A flag doesn’t encapsulate someone’s culture, Lanie Thompson said. So the students continued to lobby.

“The graduation ceremony is for us to celebrate our whole journey,” Rosales-Alfaro said. “So it’s super important that we get every little piece we could.”

Rosales-Alfaro started an Instagram account and petition to let other students know about their demands.

“We have spent the last four years celebrating and being told to find our individuality, only to not be able to express ourselves on that day,” the petition reads. “The commencement ceremony is for the graduates, not for the people in the stands.”

In just a few days, the petition amassed more than 500 signatures.

Then last week, a few days after the students first reached out to The Daily Herald, the third time was the charm for the Everett High School seniors.

Shepherd and Woods came back to the seniors to tell them administrators offered another compromise.

Students from Everett High School stand in line waiting to walk onto the floor for graduation at Angel of the Winds Arena on Saturday, June 15, 2018 in Everett, Wash. (Olivia Vanni / The Herald)

Students from Everett High School stand in line waiting to walk onto the floor for graduation at Angel of the Winds Arena on Saturday, June 15, 2018 in Everett, Wash. (Olivia Vanni / The Herald)

Graduating seniors could decorate their cap with symbols of “cultural significance.” The policy is an extension of a state law allowing graduates to wear symbols significant to their Native American heritage, Reeves said.

No words, college logos or symbols of high school accomplishments will be allowed on graduation caps. The students feel this was the best they’ll get.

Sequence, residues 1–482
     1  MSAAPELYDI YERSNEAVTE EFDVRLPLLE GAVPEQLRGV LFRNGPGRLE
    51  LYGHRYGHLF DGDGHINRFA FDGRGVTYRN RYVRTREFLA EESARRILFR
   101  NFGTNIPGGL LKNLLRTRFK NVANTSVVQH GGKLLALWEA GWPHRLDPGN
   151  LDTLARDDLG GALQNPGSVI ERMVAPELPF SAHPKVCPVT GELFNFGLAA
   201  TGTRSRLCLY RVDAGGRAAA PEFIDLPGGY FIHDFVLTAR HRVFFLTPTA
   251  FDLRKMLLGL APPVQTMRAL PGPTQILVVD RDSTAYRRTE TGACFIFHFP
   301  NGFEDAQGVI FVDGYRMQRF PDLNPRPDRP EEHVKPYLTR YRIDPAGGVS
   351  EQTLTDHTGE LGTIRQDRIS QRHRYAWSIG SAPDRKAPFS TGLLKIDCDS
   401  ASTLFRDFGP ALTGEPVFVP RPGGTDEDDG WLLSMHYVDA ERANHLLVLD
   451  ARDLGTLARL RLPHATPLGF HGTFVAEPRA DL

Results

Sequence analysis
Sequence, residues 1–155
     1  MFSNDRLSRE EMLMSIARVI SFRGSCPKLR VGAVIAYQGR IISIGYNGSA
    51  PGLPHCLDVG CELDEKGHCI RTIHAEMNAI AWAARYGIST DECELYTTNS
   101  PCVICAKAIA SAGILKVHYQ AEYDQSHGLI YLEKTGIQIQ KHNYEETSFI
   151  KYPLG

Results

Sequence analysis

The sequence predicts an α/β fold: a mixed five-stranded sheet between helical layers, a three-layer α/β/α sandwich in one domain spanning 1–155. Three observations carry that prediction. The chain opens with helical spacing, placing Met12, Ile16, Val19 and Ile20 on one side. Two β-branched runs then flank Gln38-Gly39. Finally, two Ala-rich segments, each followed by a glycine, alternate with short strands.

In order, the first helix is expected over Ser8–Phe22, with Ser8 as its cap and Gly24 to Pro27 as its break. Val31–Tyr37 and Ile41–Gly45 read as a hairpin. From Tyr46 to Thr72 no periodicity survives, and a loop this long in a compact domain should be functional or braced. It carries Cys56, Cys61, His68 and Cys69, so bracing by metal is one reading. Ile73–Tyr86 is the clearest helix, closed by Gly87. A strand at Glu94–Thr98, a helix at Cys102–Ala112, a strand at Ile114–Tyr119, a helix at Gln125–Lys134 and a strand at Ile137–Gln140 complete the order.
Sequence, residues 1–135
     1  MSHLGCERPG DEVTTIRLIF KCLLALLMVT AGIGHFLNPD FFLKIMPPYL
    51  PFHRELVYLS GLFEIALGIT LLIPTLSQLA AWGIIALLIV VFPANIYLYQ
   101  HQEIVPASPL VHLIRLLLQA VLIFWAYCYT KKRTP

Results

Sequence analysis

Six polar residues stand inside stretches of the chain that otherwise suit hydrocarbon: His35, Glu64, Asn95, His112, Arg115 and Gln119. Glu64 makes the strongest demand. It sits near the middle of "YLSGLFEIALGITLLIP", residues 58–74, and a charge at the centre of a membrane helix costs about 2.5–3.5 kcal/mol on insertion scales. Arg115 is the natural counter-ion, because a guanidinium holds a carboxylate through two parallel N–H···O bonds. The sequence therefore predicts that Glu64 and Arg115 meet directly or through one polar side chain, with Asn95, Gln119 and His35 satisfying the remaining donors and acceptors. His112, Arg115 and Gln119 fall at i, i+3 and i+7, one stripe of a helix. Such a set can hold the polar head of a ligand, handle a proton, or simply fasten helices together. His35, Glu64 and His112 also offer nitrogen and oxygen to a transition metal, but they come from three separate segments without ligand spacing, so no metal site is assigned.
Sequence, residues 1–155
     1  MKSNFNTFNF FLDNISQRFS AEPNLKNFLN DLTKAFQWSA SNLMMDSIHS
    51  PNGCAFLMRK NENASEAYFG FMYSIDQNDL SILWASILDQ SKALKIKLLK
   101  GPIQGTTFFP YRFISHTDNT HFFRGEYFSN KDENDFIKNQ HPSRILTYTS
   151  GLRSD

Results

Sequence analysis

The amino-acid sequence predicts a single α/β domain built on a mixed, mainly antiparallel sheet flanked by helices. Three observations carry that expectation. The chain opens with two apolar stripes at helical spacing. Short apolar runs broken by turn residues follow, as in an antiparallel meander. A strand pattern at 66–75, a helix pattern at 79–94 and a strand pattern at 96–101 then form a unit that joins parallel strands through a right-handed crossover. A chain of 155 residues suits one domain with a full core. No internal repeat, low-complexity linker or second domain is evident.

“That doesn’t really match up with our end goal,” Lanie Thompson said. “But it’s good for this year.”

Principals are still working on a process to approve custom caps, Reeves said.

“It’s a really good first step,” Avery Thompson said. “But our big and overarching thing was, ‘We want freedom of expression for students.’ There’s also a lot of students who just want to put their accomplishments (on the caps).”

Reeves said the district appreciated hearing from its students and encourages students to share their perspectives.

“Commencements are a special time for all of our students and families,” she wrote. “We continue to work with students to help us balance the individual and collective spirit of these celebrations.”

Picking this battle for free expression at graduation wasn’t just for their own class of seniors. The four students want to make sure future classes have the chance to decorate freely, too.

“It doesn’t really end with us, because it didn’t start with us,” Rosales-Alfaro said. “It’s not going to stop here.”

Next fall, Avery Thompson will attend Swarthmore College to study political science. Lanie Thompson will go to Bryn Mawr College, in part to play soccer. Both schools are on the outskirts of Philadelphia.

Mulugeta plans to study bio-engineering. Rosales-Alfaro wants to study public health. Both will attend the University of Washington.

Avery Thompson, Lanie Thompson and Mulugeta all serve on Everett’s Youth Advisory Board.

Everett High School graduation is set for 7 p.m. June 15 at Angel of the Winds Arena.

Jenelle Baumbach: 360-352-8623; jenelle.baumbach@heraldnet.com; Twitter: @jenelleclar.